Kiddie dinner, orange dinner, toddler tea: We may call it different things but we all recognise the beige tsunami of kinda-crispy, very salty, things and we all secretly love it.
Our proclivity for these meals is so often forged in childhood; be it the memory of an after-school favourite, or of the first time you stuck something in the oven all on your own; and as such each experience is unique.
“My mum used to call these kinds of dinners ‘orange dinners’ and she would apologise when she had to give me one,” commented world famous food influencer, Emma Chadwick.
“If she was working too late to cook a proper meal or she was going out or something it’d be ‘sorry Emma you’ve got an orange dinner tonight’ which i think was intended to show me that those kinds of dinners shouldn’t be an everyday thing but as you get older you realise who doesn’t LOVE an orange dinner?”
The emotional ties often mean these meals become far greater than some nugs and sauce; they become a direct link to the happiest moments of our childhood as we hurtle further into our nightmarish lives. Be it through evolution or design, the parts of the brain responsible for taste and smell are located next to those used for emotional learning and memory processing respectively: we are physically hardwired to tie eating to experience.
“Orange dinners are the ultimate hangover cure, the ultimate end to a horrible day at work, they’re a shoulder to cry on and they’re a warm fuzzy dose of nostalgia,” Emma commented. “They are reminiscent of when life was easier and all I had to worry about was whether my mum was doing an orange dinner or something more fancy.”
Whilst these deep emotional ties are not only a good thing to tell yourself when you’re covered in potato waffles on a comedown – this isn’t your fault, it’s bilogy’s fault – they explain the vitriolic defence of rubbish food when it is threatened.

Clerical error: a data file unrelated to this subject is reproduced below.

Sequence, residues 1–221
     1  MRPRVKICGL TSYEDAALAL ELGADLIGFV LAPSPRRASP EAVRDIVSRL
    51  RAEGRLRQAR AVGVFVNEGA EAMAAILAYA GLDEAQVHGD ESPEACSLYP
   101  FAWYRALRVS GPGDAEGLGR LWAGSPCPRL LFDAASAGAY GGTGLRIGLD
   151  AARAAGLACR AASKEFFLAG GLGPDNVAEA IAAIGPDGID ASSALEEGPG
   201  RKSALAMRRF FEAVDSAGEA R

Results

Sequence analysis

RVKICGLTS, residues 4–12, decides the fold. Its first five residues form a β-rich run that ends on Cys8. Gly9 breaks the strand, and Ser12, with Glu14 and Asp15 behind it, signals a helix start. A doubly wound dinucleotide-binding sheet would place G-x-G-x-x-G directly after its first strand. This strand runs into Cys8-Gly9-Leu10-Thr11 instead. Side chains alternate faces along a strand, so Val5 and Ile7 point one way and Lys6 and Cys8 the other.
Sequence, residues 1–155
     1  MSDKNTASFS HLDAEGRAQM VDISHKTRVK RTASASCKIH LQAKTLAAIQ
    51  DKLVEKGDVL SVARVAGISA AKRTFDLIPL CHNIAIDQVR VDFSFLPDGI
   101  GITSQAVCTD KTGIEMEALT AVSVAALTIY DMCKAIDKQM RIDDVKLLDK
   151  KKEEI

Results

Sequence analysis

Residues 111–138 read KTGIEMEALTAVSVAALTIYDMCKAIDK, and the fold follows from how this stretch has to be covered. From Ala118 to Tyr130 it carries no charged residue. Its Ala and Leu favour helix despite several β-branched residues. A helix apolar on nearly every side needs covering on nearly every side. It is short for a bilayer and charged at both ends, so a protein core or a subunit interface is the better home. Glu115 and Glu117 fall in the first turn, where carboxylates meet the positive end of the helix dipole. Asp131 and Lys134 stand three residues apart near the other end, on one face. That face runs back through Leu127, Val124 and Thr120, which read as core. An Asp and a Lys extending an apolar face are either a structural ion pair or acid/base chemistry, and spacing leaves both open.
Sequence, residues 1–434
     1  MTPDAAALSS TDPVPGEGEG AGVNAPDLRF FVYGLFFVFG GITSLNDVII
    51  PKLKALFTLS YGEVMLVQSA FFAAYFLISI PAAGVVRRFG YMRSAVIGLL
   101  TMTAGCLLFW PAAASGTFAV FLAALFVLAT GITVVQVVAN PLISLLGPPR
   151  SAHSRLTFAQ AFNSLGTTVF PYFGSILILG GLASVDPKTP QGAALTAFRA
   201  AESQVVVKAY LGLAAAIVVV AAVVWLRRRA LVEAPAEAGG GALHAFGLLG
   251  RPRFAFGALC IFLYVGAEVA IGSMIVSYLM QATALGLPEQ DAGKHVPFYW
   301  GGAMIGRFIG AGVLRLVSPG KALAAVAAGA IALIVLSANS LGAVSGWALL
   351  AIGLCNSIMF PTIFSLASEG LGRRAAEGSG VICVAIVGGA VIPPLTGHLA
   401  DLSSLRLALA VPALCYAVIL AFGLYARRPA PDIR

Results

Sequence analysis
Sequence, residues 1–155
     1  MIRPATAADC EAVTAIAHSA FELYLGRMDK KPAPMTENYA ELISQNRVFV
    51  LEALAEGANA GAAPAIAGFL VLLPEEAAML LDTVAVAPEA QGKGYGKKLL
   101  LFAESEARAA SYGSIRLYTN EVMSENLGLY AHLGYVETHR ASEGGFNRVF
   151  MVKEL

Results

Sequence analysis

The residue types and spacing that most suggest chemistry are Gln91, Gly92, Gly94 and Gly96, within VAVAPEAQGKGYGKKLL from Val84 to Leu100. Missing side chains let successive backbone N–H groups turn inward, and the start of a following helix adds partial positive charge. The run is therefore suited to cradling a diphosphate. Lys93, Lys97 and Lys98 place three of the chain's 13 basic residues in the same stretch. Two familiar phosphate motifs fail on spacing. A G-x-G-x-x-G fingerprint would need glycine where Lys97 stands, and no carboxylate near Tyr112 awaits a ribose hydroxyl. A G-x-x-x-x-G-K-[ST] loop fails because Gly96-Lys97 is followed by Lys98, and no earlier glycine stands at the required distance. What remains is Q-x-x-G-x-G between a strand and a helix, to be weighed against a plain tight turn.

The incumbent Tory government’s recent decision to stick the boot into cheap food set forth a tidal wave of unsolicited dietary advice,shit food hot takes and no small amount of classism. The general gist seemed to be that everyone can find both the ingredients and the time to make a cassoulet on a Tuesday night and those that can’t are simply feckless scumbags. As one would expect was, as people, have had a fair old bit to say about this holier-than-thou bullshit.
Whilst the basic idea of improving the nation’s dietary health is naturally a positive one doing so through state-sanctioned food shaming is hardly the way to go about it. We are currently living in an absolute fucking nightmare and the last thing anyone needs is some fitness influencer that hasn’t had a chip buttie in 15 years telling you to swap your tin of spaghetti hoops for some spirallised courgette.
We live in a time of unrelenting, contradictory, dietary advice. A cursory glance around the ‘lifestyle’ corners of the internet will uncover a tidal wave of posts individually extolling the virtues of paleo, keto, Michaelangelo and all the other Teenage Mutant Ninja Diets – with advice on fats, carbs changing faster than you can say “Acai berry raw Buddha bowl”.
Trying to keep up with it all is a head spinning affair where the only consistent outcome is making us all feel like absolute shit for what we had for lunch. Besides this caustic negativity, there is an insidious classist slant to the whole affair. It is all well and good some Telegraph columnist telling us all we should make salmon ceviche for lunch every day, but such is woefully out of the remit of most working people – now more than ever.
“What I think people forget is that a lot of low income families work long hours for piss poor wages, so some parents won’t even be home to cook their kids dinner. They may well prefer to feed their kids something ‘healthier’ but some children are left to their own devices and sticking some chicken goujons and curly fries on an oven tray and some beans in the microwave is a hell of a lot easier than chopping up a load of fresh veg,” said Emma.
Parents are currently being tasked with either going to work in a pandemic or staying home and schooling their kids – you would think they could be forgiven for foregoing the fucking bouillabaisse and whipping some smilies in the oven.
Kiddie dinners are not ideal, every so often they are all you really want, and there’s categorically no shame in that. I cannot tell you the first time I had nuggets and pasta but I can tell you the last; 13 August 2020, aged 30 years and 93 days.
Kiddie dinner is not perfect, it is not going to get you abs, but it is a cornerstone of the working class and it will make you very fucking happy and right now that sounds good to me. Yes Chef!